Judges 9:34
And Abimelech rose up, and all the people that were with him, by night, and they laid wait against Shechem in four companies.
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EXPOSITORY (ENGLISH BIBLE)
(34) Four companies.—Literally, four heads. (Comp. Judges 7:16.)

9:30-49 Abimelech intended to punish the Schechemites for slighting him now, but God punished them for their serving him formerly in the murder of Gideon's sons. When God uses men as instruments in his hand to do his work, he means one thing, and they another. That, which they hoped would have been for their welfare, proved a snare and a trap, as those will certainly find, who run to idols for shelter; such will prove a refuge of lies.Privily - See the margin. The word is probably the name of a place in "Tormah", some think the same as "Arumah" Judges 9:41. Zebul was faithful to Abimelech, but dissembled his sentiments, from being too weak to oppose Gaal, until Abimelech came with his army Judges 9:38. 28-45. would to God this people were under my hand—He seems to have been a boastful, impudent, and cowardly person, totally unfit to be a leader in a revolutionary crisis. The consequence was that he allowed himself to be drawn into an ambush, was defeated, the city of Shechem destroyed and strewn with salt. The people took refuge in the stronghold, which was set on fire, and all in it perished. No text from Poole on this verse. And Abimelech rose up, and all the people that were with him, by night,.... According to the advice of Zebul:

and they laid wait against Shechem in four companies; he divided his army into four parts, which he placed on the four sides of the city, at some distance from it, to act as they should have opportunity, to find ways and means of getting into it on either quarter.

And Abimelech rose up, and all the people that were with him, by night, and they laid wait against Shechem in four companies.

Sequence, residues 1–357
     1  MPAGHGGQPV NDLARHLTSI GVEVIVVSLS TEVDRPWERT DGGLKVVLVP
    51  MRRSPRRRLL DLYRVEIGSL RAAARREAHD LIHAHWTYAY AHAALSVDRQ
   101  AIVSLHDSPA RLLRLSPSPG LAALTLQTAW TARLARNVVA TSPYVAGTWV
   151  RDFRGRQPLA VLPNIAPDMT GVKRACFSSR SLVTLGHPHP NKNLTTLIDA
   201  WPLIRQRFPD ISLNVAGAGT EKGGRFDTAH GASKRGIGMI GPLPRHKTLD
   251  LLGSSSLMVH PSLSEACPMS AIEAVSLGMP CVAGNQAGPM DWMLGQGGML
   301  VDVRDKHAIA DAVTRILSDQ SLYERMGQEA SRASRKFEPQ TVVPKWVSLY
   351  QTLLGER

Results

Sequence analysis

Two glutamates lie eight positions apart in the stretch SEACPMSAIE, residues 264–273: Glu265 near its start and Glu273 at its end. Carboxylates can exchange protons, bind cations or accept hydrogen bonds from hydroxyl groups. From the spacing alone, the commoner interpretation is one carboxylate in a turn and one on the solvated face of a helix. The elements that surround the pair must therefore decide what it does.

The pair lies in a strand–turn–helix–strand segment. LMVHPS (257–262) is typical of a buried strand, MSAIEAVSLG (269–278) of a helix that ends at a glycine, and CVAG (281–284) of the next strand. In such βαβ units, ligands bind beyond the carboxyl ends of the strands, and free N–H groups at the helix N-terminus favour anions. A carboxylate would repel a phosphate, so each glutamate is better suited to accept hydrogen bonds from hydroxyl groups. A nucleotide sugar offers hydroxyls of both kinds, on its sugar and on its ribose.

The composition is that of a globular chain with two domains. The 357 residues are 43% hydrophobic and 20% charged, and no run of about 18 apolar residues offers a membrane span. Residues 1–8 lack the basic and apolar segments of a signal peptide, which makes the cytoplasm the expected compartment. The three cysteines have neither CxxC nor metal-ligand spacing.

EXEGETICAL (ORIGINAL LANGUAGES)
At this feast Gaal called upon the Shechemites to revolt from Abimelech. "Who is Abimelech," he exclaimed, "and who Shechem, that we serve him? Is he not the son of Jerubbaal, and Zebul his officer? Serve the men of Hamor, the father of Shechem! and why should we, we serve him (Abimelech)?" The meaning of these words, which have been misinterpreted in several different ways, is very easily seen, if we bear in mind (1) that מי (who is?) in this double question cannot possibly be used in two different and altogether opposite senses, such as "how insignificant or contemptible is Abimelech," and "how great and mighty is Shechem," but that in both instances it must be expressive of disparagement and contempt, as in 1 Samuel 25:10; and (2) that Gaal answers his own questions. Abimelech was regarded by him as contemptible, not because he was the son of a maid-servant or of very low birth, nor because he was ambitious and cruel, a patricide and the murderer of his brethren (Rosenmller), but because he was a son of Jerubbaal, a son of the man who destroyed the altar of Baal at Shechem and restored the worship of Jehovah, for which the Shechemites themselves had endeavoured to slay him (Judges 6:27.). So also the meaning of the question, Who is Shechem? may be gathered from the answer, "and Zebul his officer." The use of the personal מי (how) in relation to Shechem may be explained on the ground that Gaal is speaking not so much of the city as of its inhabitants. The might and greatness of Shechem did not consist in the might and authority of its prefect, Zebul, who had been appointed by Abimelech, and whom the Shechemites had no need to serve. Accordingly there is no necessity either for the arbitrary paraphrase of Shechem, given in the Sept., viz., υἱὸς Συχέμ (son of Shechem); or for the perfectly arbitrary assumption of Bertheau, that Shechem is only a second name for Abimelech, who was a descendant of Shechem; or even for the solution proposed by Rosenmller, that Zebul was "a man of low birth and obscure origin," which is quite incapable of proof. To Zebul, that one man whom Abimelech had appointed prefect of the city, Gaal opposes "the men of Hamor, the father of Shechem," as those whom the Shechemites should serve (i.e., whose followers they should be). Hamor was the name of the Hivite prince who had founded the city of Shechem (Genesis 33:19; Genesis 34:2; compare Joshua 24:32). The "men of Hamor" were the patricians of the city, who "derived their origin from the noblest and most ancient stock of Hamor" (Rosenmller). Gaal opposes them to Abimelech and his representative Zebul.

(Note: Bertheau maintains, though quite erroneously, that serving the men of Hamor is synonymous with serving Abimelech. But the very opposite of this is so clearly implied in the words, that there cannot be any doubt on the question. All that can be gathered from the words is that there were remnants of the Hivite (or Canaanitish) population still living in Shechem, and therefore that the Canaanites had not been entirely exterminated-a fact which would sufficiently explain the revival of the worship of Baal there.)

In the last clause, "why should we serve him" (Abimelech or his officer Zebul)? Gall identifies himself with the inhabitants of Shechem, that he may gain them fully over to his plans.

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